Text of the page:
Rodenticide toxicity is the accidental ingestion of products used to kill rodents such as mice, rats and gophers. Poisoning is most commonly caused by ingestion of a product containing one of the following ingredients: bromethalin, cholecalciferol (Vitamin D3), strychnine, zinc phosphide or anticoagulant (warfarin, fumarin, chlorophacinone, diphacinone, pindone, bromadiolone, brodaficoum).

The affect on the animal will depend on the type of poison ingested and the amount. Bleeding disorders, neurologic problems, gastrointestinal distress or kidney failure can occur. Without treatment, rodenticide toxicity can be fatal.

Diagnosis and Treatment Notes:

  • Rodenticide toxicity is generally diagnosed by bloodwork, urinalysis and clotting tests. In some cases, examination and testing of the stomach contents may be beneficial.
  • Treatment depends on the type of toxin ingested, severity of the disease, your individual pet, and your veterinarian. If ingestion was recent, inducing vomiting is often recommended followed by administration of activated charcoal. Intravenous fluids, blood transfusion, muscle relaxants, medications for kidney failure or brain swelling or vitamin K therapy may be necessary, depending on the specific toxin ingested . Discuss treatment details when your pet is diagnosed with this condition.


What to Watch for*:

  • Lethargy
  • Bleeding
  • Loss of appetite
  • Vomiting and/or diarrhea
  • Increased thirst or urination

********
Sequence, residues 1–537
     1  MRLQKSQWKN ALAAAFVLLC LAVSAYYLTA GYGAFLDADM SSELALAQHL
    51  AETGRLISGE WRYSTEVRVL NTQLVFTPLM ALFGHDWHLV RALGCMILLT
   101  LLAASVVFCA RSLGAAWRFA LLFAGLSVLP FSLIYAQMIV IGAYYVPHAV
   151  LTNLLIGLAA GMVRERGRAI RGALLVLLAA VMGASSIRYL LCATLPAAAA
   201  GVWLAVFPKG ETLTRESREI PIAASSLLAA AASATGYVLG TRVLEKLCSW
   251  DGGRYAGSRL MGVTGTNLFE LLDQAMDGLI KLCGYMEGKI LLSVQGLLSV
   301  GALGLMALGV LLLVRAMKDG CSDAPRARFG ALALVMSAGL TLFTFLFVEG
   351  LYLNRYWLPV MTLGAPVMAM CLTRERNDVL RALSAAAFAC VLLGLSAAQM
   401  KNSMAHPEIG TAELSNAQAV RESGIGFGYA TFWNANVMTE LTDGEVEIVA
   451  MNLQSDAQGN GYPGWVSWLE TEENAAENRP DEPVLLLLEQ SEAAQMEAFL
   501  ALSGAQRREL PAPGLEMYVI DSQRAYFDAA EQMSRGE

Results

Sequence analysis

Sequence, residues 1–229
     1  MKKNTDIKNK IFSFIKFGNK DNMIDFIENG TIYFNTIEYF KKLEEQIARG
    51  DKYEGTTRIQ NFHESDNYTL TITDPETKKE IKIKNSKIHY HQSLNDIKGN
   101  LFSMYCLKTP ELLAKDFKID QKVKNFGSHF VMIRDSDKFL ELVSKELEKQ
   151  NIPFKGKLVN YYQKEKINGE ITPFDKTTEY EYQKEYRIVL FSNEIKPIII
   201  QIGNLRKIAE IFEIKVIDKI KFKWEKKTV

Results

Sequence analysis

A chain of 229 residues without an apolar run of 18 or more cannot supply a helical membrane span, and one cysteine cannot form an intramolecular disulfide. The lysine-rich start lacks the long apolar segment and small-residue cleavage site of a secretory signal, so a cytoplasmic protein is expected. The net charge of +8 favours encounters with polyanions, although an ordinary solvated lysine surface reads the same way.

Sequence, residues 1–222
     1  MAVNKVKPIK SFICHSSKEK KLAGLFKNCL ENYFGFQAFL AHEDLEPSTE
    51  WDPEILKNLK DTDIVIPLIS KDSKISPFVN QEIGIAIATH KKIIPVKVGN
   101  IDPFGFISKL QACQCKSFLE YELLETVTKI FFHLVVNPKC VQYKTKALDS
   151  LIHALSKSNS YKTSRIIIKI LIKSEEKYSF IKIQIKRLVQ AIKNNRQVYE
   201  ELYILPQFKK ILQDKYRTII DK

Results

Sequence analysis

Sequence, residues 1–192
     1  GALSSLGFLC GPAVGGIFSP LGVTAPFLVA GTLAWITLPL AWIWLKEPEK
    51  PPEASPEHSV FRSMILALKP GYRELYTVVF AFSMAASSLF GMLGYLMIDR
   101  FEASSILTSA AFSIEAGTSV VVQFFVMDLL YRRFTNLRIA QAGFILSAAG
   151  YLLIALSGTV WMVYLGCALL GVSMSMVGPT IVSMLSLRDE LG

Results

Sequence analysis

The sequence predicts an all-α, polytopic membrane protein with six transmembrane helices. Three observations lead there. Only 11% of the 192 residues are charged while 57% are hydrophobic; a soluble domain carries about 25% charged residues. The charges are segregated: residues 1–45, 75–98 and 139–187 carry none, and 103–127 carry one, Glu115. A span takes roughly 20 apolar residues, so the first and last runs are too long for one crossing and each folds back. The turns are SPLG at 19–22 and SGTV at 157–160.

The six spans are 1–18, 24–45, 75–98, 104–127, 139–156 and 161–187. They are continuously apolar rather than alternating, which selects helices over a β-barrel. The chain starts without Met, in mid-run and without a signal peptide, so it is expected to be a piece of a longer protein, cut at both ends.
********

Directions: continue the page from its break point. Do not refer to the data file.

• Incoordination
  • Difficulty walking
  • Collapse
  • Difficulty breathing
  • Seizures
  • Coma

*Please notify us if you notice any of the above signs or if you have any questions!

Dear Valued Clients

During these challenging times, there have been some unforeseen changes at The Big Easy Animal Hospital. I cannot express enough my sincere apology for any inconvenience you have experienced at The Big Easy during these times. As we strive to make the practice safe to protect everyone including you, your family, and our Big Easy team and their families, I’ve decided to make certain changes while we are under this pandemic. These changes will be temporary.


Monday, Tuesday, Thursday & Friday:
Walk Ins: Check-in starts at 9:45am.There are a limited amount of patients we can accept. Our receptionists will be happy to assist you with options to help guide you and your pet(s).)


Saturday Hours

Saturdays will be TECHNICIAN APPOINTMENTS only. These will include boosters, bloodwork, nail trims, certain diagnostics, etc. There will not be a veterinarian on site. While I understand these changes can be inconvenient, I have listed local veterinary clinics that we have contacted and are open to see walk-ins throughout the week and Saturdays as well. For life threatening emergencies that occur outside business hours, please contact the following 24-hour animal hospitals below.

Please, be safe and healthy.

Thank you all for your understanding. -Aileen Ruiz, DVM


24 Hour Emergency Care:


Pittsburgh Veterinary Specialty and Emergency Center

807 Camp Horne Road
Pittsburgh, PA



4224 Northern Pike
Monroeville, PA

VCA Castle Shannon Animal Hospital

3610 Library Road
Pittsburgh, PA

Veterinarians Accepting Walk in Care:

Penn Animal Hospital

2205 Penn Avenue

North Boros Veterinary Hospital

2255 Babcock Blvd



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